Michael Attenborough doesn't pay much heed to the old theatrical tradition of never saying the word “Macbeth” unless you're actually performing the play.
The lauded theatre director – and son of screen luminary Richard Attenborough – has been involved with numerous versions of Shakespeare's infamous “Scottish play”, the latest of which is the Queensland Theatre Company's highly-anticipated production opening on March 22.
“I don't do it because I'm superstitious, but because other people around me might be,” he said.
“There's no point in frightening them.”
But why the fear around Macbeth, when no other Shakespearean tragedy attracts such superstitions?
“There's no other play that sticks its fingers inside evil in the way that this play does,” Attenborough said.
“I don't think there exists in drama or any literature a piece that exposes the fragile mind of a killer in the way that this does... it goes in so dark and so deep and so horrifying and that's why people are frightened of it.”
Attenborough's involvement in the production began when he met Brisbane actor and Macbeth star Jason Klarwein while teaching a Shakespearean intensive in Nowra more than two years ago.
At the end of 2012, Attenborough gave up his role as artistic director of London's acclaimed Almeida Theatre, and got back in touch with Klarwein about returning to Australia to mount an actual production.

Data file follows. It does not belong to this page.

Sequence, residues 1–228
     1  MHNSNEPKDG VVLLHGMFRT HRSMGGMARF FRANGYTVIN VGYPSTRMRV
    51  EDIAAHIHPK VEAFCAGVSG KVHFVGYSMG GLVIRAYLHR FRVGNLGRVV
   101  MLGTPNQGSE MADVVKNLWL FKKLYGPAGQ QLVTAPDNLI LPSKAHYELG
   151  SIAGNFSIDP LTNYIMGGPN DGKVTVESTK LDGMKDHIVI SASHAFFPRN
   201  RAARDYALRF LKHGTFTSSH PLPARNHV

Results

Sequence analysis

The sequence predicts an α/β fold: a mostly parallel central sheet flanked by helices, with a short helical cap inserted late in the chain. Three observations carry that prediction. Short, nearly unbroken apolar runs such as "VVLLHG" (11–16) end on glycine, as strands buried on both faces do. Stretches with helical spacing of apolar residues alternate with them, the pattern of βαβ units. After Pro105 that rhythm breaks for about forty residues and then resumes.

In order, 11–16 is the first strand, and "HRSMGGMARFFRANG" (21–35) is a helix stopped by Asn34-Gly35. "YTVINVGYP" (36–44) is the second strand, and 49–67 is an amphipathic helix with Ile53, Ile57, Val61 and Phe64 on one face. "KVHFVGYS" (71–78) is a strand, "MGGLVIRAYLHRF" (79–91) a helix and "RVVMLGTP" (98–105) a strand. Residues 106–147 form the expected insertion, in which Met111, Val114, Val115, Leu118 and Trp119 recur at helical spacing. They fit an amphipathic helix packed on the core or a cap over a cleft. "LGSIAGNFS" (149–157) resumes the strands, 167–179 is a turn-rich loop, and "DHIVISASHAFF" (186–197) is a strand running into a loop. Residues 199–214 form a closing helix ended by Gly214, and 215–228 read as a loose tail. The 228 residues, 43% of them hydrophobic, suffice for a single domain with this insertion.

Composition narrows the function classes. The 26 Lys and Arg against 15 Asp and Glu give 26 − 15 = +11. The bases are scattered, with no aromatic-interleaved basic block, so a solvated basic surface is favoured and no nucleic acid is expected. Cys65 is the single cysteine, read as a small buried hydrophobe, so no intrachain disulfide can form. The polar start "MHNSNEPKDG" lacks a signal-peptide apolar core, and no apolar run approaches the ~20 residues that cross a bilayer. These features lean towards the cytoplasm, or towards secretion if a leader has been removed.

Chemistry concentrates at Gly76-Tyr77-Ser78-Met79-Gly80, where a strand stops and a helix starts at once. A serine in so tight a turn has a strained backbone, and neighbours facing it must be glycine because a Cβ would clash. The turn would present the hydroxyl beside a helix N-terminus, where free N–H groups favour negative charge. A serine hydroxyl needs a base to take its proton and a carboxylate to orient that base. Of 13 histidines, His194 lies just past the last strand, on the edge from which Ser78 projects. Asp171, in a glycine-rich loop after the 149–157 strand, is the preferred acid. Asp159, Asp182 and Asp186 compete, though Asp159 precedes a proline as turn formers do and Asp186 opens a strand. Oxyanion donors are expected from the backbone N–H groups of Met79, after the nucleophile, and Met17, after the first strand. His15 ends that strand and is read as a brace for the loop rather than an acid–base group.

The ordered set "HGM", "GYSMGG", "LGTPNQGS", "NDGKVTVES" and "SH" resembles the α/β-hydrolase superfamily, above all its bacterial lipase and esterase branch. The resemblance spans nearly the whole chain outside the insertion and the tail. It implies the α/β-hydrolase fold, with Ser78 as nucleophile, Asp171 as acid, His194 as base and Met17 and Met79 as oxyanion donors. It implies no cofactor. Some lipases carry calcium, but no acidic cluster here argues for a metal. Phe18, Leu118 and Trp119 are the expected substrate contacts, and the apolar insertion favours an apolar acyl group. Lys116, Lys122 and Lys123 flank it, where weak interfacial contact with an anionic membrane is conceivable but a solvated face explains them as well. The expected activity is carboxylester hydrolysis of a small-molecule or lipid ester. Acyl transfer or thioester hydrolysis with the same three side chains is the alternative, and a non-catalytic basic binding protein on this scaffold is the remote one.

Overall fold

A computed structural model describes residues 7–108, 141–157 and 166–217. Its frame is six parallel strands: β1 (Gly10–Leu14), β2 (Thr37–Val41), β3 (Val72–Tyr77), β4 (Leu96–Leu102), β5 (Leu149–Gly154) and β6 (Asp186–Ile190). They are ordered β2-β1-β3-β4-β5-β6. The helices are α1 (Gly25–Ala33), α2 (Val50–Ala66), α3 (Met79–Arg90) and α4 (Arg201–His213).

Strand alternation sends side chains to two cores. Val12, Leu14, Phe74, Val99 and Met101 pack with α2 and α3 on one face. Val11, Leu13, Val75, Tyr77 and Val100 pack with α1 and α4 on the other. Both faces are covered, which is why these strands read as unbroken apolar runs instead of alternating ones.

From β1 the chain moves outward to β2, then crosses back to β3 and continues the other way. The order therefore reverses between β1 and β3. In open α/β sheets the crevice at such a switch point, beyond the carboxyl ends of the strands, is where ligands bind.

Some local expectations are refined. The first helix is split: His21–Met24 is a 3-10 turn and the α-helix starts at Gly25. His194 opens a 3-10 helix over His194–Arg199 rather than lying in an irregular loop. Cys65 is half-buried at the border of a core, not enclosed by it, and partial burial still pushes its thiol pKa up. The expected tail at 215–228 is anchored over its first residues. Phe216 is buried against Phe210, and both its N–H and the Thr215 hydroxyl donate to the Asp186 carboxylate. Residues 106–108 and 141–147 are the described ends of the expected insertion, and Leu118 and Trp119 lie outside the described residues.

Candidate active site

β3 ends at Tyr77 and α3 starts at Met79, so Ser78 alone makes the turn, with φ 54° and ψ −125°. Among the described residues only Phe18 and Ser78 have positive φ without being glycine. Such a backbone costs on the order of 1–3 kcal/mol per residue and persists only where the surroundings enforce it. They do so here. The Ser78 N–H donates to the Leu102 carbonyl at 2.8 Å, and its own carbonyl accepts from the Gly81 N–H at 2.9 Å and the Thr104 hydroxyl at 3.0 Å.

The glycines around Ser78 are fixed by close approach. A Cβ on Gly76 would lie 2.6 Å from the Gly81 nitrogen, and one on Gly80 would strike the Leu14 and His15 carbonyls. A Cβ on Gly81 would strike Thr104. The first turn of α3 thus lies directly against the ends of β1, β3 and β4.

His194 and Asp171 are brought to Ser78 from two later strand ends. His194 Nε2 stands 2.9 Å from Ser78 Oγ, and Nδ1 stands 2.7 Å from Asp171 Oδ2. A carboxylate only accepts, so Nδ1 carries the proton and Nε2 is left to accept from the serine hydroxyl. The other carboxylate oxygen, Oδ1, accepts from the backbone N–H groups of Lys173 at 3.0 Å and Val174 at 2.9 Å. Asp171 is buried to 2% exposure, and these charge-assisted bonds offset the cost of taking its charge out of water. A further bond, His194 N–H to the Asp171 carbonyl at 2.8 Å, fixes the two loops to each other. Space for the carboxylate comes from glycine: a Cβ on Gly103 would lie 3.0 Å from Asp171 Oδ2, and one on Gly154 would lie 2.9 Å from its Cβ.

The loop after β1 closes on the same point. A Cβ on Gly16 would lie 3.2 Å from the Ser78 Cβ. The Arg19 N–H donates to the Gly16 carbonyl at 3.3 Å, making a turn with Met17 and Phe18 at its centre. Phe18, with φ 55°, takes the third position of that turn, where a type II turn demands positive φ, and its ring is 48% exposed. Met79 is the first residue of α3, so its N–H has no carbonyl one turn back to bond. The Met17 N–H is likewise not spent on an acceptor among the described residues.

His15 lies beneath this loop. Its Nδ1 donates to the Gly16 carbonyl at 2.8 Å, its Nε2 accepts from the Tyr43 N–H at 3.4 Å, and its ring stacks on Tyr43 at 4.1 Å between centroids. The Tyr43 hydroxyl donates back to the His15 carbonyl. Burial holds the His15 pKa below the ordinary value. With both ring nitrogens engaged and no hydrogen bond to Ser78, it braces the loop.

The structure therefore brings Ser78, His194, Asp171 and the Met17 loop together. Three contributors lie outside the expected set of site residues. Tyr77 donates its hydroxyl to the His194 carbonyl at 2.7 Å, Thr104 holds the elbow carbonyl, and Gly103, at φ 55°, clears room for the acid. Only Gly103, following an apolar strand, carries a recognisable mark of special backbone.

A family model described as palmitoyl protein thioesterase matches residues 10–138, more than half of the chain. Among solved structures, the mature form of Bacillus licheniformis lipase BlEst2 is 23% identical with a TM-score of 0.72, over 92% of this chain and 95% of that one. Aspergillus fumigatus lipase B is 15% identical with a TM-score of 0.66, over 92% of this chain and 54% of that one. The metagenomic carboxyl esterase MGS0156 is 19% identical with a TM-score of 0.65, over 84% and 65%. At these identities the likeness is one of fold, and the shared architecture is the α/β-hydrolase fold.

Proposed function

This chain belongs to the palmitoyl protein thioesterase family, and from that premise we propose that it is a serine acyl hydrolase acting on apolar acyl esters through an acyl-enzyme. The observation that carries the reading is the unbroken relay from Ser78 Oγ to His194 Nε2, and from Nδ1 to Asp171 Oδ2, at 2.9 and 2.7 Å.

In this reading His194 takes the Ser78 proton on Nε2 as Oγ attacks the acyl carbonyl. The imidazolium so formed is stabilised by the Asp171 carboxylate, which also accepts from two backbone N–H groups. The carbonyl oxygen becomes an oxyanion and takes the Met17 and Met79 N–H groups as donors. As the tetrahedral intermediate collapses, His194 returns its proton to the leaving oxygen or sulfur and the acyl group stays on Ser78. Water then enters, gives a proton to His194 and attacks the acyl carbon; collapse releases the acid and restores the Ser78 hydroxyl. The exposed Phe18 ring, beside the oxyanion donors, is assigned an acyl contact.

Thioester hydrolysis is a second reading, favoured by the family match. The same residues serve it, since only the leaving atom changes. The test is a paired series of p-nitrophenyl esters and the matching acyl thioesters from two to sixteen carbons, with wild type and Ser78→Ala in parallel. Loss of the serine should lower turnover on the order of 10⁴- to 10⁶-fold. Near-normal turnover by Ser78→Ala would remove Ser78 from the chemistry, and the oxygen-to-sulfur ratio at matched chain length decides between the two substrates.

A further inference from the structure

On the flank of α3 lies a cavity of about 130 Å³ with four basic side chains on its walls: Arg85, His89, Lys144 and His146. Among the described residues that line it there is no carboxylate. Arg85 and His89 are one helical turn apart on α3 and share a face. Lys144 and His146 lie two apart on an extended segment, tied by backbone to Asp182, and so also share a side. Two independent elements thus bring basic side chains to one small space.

Securing funding through the state government's Super Stars Fund, QTC artistic director Wesley Enoch flew to London to meet Attenborough, and the pair decided on Macbeth.
Attenborough's Scotland is a torched, wasted landscape, a gnarled world torn by civil war where there are no straight lines and no straight answers.
“It's got to be an environment in which fear can be a factor... and it needs something quite primitive,” he said of the production's topsy-turvy design.
“The world does not make you feel secure... it's a world in which witches can appear.”
But as a former director of the Royal Shakespeare Company, Attenborough's focus is on the correct interpretation and delivery of the Bard's words.
“His genius didn't just consist of beautiful language, his genius consisted of the fact that he wrote in character,” he said.
“So all thousands of characters that he invented in his 37 plays are all different, and they don't cheat, they don't get given words they wouldn't know.”
Attenborough said while Shakespeare and his contemporaries had invented blank verse and iambic pentameter ironically to sound more “modern” to the theatre-going audiences of the late 1500s, actors now had to work hard to understand the form.
“You can't get into a Jaguar and drive it as if it was a Mini – you have to understand how that vehicle runs, how to negotiate it on the road,” he said.
“And like all good acting, it has to be effortless...if we can see you working, you haven't worked hard enough.”
It's impossible not to touch on Attenborough's famous family: legendary actor/director father Richard, actress mother Sheila Sim (the pair, both in their 90s, are now in full-time care) and naturalist uncle David.
Attenborough said their love of the arts was now in its third generation, with his two sons working as an actor and director in Britain.
“Their ability to communicate is pretty awesome... they just happened to choose different fields,” he said of the elder Attenboroughs.
“It is an extraordinary legacy.”